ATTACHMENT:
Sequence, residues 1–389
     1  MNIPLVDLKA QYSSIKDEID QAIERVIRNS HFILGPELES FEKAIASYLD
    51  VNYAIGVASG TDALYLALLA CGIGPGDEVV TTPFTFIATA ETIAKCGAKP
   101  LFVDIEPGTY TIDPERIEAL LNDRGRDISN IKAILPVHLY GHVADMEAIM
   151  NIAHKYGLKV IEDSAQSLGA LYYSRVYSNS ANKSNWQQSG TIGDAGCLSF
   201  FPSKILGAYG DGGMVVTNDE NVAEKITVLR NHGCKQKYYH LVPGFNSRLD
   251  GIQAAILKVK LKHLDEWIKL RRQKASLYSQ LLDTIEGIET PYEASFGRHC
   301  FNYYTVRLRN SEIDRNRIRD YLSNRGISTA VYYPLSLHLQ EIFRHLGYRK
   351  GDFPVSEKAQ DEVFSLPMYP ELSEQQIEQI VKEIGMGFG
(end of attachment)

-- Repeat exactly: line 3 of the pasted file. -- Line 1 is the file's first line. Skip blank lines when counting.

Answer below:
    51  VNYAIGVASG TDALYLALLA CGIGPGDEVV TTPFTFIATA ETIAKCGAKP